Construction manager Alex Von-Limont was recently awarded a Graduate Diploma of Strategic Leadership and an Advanced Diploma of Work Health and Safety through recognition of prior learning (RPL).
In the following case study, Alex takes us through his global civil construction career in the mining, marine, gas and oil sectors. He discusses his career highs and lows, how he found recognition of prior learning, the many ways it has helped his career, and how he is now going to use it to save $14,000 off the cost of an MBA.
Alex left school young due to tough times on the home front. After a year of finding his way through the beginning of life as an adult he completed some TAFE study and commenced a career in the construction industry. He then became a father at 18 and worked six days a week to support his young family and get ahead in his career.
Talk about growing up quick!
Eventually, realising he didn’t want to spend the rest of his life, ‘working on the tools, breaking my back.’ He decided it was time for some more study.
Nine years ago, Alex completed a Graduate Certificate in Project Management through the University of South Australia. He studied two subjects per semester while continuing to work hard on his career.
Alex says, ‘I kept working and working and basically I went from working on the tools, to leading a project, to managing part of a project, to then being promoted to superintendent and then construction manager.”
His career has given him the opportunity to work all over Australia and the world. From Matilda, WA, Darwin, and various locations in Queensland, to Abu Dhabi, Asia, Kazakhstan, Iraq and now Papua New Guinea (PNG).
In Abu Dhabi Alex worked on a $60b project with Laing O’Rourke as construction manager. When he returned to Australia, he started on the Pluto Gas Project in WA, with Foster Wheeler Worley Parsons as the supervisor. He then moved to Adelaide and worked for Balderstone (now Lendlease). During his tenure there, he was seconded to a joint venture with Transfield, who poached him. Within a year he was promoted to Project Director for Roxby Downs in South Australia, coordinating tenders and bids.
Then Alex says he got a call out of the blue from a company called Oil Search in PNG. ‘I’ll never forget it, they said:
“Would you like to come work for us?”
I hung up on them three times because I was in meetings, and the guy said,
“Please don’t hang up me. How would you like to work six months of the year tax-free?
I said, “Beg your pardon?” And so that was my journey into PNG!’
‘There was a high-profile position I was looking at. The recruiter told me I needed a degree. I read through the job description and knew I could do it. It was all stuff I’d already been doing. I just didn’t have the qualification they were asking for. So, they wouldn’t even consider me.’
That’s when Alex started looking into doing his master’s degree at Swinburne University.
Alex reflected back on his previous stint at University: ‘One of the things that really got me when I was at uni was seeing the frustration of some of the other students. These people were mature professionals with a lot of experience. But they didn’t know where to go to source some RPL.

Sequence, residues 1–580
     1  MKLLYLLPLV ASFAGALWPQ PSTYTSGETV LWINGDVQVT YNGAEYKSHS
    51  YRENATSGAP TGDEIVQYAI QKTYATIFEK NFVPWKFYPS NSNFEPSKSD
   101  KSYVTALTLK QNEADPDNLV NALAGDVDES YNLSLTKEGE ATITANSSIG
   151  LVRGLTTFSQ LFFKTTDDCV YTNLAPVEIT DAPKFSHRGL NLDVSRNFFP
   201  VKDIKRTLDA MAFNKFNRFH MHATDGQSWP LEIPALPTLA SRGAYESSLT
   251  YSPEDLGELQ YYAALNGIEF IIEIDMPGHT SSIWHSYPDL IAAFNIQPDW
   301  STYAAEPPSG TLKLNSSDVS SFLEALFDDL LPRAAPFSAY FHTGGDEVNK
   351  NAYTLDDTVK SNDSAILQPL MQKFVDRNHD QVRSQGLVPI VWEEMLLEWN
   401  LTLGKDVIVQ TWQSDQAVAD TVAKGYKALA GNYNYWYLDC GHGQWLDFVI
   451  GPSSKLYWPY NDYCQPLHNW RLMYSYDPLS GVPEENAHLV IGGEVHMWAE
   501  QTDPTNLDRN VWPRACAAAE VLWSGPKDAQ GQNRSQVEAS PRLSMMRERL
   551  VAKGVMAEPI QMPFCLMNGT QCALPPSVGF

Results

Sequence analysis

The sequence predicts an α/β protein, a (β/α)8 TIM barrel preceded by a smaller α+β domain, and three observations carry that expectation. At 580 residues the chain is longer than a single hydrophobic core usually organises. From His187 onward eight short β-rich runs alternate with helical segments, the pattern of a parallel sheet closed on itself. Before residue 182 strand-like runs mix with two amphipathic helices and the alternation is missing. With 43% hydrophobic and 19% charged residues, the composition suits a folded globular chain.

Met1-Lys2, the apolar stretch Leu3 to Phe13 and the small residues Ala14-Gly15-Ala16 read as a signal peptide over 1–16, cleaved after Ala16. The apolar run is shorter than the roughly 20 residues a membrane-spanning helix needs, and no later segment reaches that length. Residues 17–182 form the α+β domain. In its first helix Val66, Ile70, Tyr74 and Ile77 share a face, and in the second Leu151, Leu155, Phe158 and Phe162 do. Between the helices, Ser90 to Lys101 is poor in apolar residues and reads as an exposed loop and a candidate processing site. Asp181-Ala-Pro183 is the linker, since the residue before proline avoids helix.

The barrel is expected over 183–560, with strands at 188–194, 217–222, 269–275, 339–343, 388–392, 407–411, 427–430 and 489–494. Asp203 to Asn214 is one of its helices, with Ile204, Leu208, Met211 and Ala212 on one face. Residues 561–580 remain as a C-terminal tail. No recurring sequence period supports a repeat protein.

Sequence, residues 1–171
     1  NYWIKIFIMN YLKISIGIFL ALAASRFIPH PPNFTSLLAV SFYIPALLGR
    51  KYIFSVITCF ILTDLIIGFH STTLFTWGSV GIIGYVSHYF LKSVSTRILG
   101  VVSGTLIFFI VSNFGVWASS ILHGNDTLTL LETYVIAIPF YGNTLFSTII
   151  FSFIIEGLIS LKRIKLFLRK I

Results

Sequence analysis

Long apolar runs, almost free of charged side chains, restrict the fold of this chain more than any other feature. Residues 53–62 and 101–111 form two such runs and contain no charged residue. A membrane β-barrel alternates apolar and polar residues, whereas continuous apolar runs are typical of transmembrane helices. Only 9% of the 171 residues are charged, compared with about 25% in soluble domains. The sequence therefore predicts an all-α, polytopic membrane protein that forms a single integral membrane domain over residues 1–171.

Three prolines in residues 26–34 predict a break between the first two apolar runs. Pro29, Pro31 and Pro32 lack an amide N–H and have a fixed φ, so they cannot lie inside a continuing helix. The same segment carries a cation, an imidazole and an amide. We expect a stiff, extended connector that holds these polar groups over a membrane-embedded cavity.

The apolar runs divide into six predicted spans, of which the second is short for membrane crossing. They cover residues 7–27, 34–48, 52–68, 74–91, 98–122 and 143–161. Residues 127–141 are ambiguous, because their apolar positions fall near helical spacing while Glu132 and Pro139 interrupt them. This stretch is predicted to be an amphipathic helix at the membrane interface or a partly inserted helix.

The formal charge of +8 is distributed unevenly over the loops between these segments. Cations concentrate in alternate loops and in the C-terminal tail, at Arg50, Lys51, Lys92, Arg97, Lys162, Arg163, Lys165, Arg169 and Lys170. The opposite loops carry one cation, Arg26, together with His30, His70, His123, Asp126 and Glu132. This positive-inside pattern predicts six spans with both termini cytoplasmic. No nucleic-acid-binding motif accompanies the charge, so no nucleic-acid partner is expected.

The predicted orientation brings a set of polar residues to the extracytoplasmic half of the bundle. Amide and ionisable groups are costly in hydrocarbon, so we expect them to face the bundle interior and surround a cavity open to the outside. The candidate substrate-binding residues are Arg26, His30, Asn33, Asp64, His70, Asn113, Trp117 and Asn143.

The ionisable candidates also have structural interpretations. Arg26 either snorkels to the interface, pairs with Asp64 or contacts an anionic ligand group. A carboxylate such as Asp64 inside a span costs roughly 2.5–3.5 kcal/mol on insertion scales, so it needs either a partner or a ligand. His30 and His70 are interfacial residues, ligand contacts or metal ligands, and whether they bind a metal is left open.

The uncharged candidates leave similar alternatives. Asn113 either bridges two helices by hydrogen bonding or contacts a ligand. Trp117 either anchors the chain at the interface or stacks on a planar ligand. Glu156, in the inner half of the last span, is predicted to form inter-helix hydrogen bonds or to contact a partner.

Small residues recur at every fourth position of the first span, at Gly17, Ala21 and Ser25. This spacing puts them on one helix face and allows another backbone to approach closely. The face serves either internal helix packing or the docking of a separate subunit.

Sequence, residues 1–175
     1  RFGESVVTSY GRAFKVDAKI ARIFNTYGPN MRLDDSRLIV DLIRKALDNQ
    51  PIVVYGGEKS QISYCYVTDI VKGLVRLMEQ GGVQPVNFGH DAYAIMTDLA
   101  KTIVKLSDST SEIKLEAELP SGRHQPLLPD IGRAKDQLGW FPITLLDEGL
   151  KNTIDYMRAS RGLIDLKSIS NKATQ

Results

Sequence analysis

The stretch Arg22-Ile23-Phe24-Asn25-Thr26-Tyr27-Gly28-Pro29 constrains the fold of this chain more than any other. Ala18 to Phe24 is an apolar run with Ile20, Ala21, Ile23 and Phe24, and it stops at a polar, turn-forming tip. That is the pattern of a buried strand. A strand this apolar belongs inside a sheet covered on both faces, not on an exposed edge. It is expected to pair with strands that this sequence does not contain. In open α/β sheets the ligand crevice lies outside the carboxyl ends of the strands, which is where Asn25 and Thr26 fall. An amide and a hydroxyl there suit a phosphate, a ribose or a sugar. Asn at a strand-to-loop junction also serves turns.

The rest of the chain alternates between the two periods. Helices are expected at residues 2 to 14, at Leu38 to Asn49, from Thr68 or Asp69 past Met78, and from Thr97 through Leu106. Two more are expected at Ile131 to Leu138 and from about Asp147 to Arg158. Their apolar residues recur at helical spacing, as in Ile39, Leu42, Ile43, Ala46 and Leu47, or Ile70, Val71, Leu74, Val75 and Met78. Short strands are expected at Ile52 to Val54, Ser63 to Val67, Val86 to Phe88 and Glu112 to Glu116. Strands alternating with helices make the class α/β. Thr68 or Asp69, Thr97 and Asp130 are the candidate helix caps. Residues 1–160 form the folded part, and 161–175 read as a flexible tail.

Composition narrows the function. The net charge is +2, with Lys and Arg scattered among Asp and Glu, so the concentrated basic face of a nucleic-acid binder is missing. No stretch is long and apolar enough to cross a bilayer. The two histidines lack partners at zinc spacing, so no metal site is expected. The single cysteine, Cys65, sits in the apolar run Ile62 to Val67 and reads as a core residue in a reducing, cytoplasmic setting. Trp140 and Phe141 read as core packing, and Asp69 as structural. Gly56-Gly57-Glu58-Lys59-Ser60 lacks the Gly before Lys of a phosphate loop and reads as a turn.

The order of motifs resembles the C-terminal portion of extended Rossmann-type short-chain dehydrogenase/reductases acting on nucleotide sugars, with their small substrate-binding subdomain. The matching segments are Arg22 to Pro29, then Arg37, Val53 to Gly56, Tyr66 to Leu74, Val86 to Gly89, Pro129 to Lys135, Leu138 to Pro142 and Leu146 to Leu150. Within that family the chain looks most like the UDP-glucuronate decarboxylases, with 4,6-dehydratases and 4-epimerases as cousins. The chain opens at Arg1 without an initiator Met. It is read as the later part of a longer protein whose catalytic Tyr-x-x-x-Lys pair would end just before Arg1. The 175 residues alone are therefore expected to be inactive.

The RPL hierarchy of evidence-based assessment for uni is very stringent. It was really sort of archaic back then, and I think they were a little bit scared of it.
I remember thinking it would be great to find an organisation that valued career history.’
After looking through all the different education providers, by chance he came across Churchill Education.
Alex says, ‘I’m a lateral thinker. Before I make a decision, I think about it. But this one was quite quick. I didn’t harbor on it. I just picked up the phone and spoke to John Brayshaw, and that was the start of it.
John was good. He wasn’t your typical young uni kid trying to sell you a degree and get you in there and sign you up to get their KPIs and little bonuses. He was the opposite, which I thought was refreshing. He said, “Give me a buzz if you want to chance to talk about this.” He never pushed it, and I was a little bit taken aback. I thought, why isn’t this guy pushing me about this? I liked it.’
John sent Alex a list of evidence he required in order to assess his eligibility.
Alex says, ‘I’ll never forget, a couple of days after I’d sent through my evidence, John came back with a list of qualifications I was eligible for. It was like winning the lottery! I actually bought myself a bottle of Penfolds 389, ’94 bottle. I thought I, I deserve this.’
Alex enrolled in:
When it came to the dollar side of things Alex says it was a no brainer: ‘I didn’t hesitate. I just said yes. It’s an investment in me, my family and my career.’
Once Alex received his qualifications, he notified a few recruiters he had his CV with. A recruiter in Singapore told him: ‘This change everything completely, this gives so much credibility and kudos moving forward.’
What a great feeling!
Alex’s next goal is to complete an MBA with the Australian Institute of Management (AIM). He has been advised that the qualifications he already holds will give him five business credit units off his MBA. This means he will only need to complete seven units instead of 12.
At $2,800 per unit, this is a saving of $14,000!
Alex’s story is a wonderful example of the benefit of hard work and dedication. And more importantly it is also a story of making the most of what you know and can do to keep pushing forward in your career.
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